Road cycling is the most widespread form of cycling in which cyclists ride predominantly on paved roadways.
While gravel-specific routes and types of “All-Road Bikes” are now gaining popularity.
It includes recreational, racing, commuting, and utility cycling. As users of the road, road cyclists are generally expected to obey the same laws as motorists, however, there are certain exceptions. CCC adheres to the Ontario Highway Act to ride safely and accordingly to conditions and traffic volume.
A mountain bike or mountain bicycle is a bicycle designed for off-road cycling. Mountain bikes share some similarities with other bicycles but incorporate features designed to enhance durability and performance in rough terrain, which makes them heavier, more complex and less efficient on smooth surfaces.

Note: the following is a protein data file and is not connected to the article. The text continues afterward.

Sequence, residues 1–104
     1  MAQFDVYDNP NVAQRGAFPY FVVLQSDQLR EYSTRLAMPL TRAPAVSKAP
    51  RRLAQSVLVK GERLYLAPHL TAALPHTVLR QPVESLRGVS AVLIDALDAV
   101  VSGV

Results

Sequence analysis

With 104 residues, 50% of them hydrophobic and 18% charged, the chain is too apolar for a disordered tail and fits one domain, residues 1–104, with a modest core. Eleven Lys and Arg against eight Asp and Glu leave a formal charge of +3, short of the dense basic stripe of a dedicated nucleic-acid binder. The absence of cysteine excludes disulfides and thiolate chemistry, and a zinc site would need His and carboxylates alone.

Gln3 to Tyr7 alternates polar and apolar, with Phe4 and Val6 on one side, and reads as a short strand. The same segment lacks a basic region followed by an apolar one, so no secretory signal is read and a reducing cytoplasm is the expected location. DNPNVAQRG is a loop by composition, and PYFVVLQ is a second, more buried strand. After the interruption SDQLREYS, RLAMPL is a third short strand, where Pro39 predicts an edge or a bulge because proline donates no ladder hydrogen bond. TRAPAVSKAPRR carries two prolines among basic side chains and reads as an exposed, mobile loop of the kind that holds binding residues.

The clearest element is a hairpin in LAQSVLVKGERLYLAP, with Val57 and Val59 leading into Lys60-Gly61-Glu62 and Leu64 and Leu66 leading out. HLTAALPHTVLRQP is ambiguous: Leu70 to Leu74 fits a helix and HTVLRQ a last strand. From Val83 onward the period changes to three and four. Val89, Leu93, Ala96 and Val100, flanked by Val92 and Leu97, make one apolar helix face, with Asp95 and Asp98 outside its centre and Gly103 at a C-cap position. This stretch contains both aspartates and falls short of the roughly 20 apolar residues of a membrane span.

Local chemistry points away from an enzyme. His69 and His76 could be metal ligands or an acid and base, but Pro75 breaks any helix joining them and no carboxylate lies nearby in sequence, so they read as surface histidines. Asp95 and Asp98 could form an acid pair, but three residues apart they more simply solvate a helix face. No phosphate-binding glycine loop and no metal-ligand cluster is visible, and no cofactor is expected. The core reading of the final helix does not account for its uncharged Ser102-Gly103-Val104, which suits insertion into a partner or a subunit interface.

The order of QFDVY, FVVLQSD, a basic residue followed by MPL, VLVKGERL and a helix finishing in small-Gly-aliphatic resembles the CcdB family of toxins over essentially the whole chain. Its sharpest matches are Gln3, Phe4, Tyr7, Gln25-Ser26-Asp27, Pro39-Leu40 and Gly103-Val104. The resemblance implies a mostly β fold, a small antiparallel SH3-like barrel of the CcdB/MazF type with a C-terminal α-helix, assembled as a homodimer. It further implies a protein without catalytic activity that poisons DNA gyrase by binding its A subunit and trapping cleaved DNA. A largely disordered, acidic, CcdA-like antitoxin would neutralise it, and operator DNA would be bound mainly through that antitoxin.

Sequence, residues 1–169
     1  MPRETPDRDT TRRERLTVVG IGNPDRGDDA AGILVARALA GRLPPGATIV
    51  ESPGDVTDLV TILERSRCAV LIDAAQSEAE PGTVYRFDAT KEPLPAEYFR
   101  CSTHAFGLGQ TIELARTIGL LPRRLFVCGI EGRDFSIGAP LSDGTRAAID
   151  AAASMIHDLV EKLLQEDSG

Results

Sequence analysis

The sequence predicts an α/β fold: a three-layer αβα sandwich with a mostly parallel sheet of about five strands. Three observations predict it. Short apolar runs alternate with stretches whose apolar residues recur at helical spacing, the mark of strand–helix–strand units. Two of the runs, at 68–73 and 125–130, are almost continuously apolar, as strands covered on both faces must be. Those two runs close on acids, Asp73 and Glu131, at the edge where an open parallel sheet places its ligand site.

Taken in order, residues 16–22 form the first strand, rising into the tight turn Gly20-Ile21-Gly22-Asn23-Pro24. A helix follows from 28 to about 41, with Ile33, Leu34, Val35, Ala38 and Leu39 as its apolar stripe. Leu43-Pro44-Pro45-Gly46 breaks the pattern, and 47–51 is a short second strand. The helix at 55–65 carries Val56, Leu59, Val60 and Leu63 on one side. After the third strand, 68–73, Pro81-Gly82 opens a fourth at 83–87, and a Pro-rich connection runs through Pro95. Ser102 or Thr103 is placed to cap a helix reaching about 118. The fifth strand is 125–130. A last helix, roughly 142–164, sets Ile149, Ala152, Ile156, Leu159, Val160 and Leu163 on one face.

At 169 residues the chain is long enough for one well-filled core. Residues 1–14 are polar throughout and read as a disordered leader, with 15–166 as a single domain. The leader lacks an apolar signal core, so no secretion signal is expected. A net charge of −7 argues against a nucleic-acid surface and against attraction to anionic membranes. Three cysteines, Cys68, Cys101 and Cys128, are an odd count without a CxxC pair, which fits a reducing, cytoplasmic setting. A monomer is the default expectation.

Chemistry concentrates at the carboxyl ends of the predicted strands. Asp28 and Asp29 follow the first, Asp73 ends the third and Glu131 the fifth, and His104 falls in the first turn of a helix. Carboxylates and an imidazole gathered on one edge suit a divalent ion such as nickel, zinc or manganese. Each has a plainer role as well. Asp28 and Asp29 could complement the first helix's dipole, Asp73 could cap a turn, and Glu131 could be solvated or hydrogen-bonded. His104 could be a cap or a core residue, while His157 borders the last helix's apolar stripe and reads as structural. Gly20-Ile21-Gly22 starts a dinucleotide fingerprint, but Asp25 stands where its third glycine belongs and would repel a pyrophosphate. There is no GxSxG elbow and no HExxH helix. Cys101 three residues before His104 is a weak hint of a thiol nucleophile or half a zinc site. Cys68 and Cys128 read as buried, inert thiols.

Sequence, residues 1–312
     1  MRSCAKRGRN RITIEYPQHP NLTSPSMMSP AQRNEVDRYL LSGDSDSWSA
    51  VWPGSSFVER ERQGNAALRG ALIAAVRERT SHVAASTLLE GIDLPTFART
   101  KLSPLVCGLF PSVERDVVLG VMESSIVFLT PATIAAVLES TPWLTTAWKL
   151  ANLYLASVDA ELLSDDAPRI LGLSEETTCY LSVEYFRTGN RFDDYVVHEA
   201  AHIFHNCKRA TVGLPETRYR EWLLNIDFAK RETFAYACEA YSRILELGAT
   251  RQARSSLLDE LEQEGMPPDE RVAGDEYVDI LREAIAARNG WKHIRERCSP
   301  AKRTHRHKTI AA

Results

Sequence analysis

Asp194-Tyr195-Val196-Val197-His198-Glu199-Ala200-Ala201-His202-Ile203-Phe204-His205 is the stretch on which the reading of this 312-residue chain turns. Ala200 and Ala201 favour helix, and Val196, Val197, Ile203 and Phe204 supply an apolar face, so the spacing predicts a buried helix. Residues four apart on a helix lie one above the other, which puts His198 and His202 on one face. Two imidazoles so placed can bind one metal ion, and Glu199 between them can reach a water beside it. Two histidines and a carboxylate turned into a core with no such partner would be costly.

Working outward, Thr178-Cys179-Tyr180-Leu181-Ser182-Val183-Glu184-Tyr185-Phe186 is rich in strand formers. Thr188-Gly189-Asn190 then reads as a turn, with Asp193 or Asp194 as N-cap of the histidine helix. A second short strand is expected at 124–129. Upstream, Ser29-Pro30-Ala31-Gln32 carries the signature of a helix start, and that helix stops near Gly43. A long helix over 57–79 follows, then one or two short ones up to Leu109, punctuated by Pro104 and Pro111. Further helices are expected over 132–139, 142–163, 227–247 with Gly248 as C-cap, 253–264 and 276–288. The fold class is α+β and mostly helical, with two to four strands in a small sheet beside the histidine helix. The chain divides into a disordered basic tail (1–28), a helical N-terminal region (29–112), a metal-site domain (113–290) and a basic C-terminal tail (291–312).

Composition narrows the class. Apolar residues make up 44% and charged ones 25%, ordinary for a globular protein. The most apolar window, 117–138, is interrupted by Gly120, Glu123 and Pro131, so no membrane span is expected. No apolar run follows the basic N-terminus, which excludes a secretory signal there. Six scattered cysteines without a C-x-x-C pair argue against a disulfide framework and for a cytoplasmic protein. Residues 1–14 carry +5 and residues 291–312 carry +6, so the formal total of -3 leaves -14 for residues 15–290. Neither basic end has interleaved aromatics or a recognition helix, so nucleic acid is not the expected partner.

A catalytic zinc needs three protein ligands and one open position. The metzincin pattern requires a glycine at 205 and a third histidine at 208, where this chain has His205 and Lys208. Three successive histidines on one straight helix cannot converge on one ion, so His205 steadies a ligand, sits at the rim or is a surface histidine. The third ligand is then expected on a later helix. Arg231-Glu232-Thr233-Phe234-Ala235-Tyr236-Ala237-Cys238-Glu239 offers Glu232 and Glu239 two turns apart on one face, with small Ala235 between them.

CCC’s purpose is to promote camaraderie and getting onto the trails in a responsible manner with an acceptance of all user groups enjoying the trails together. CCC follows the guidance or proper trail etiquette and responsibility aligned with:
What is gravel riding? Gravel riding, aka gravel biking, isn’t really anything new, but it has become more popular in recent years. Typically you can ride Gravel only with any type of bike, fortunately, there are new refinements and specifically geared pure “Gravel Bikes” if you want adventure and greenery hop on your bike and start riding on dirt and gravel roads, as opposed to riding on paved roads. Cyclists have long been riding on dirt roads with converted cyclo-cross or converted mountain bikes with skinnier tires.
Canada has only 40% paved roads the other are 60% gravel! Typically you find gravel rides in the countryside with great vistas & scenery and find them less congested than pure road cycling.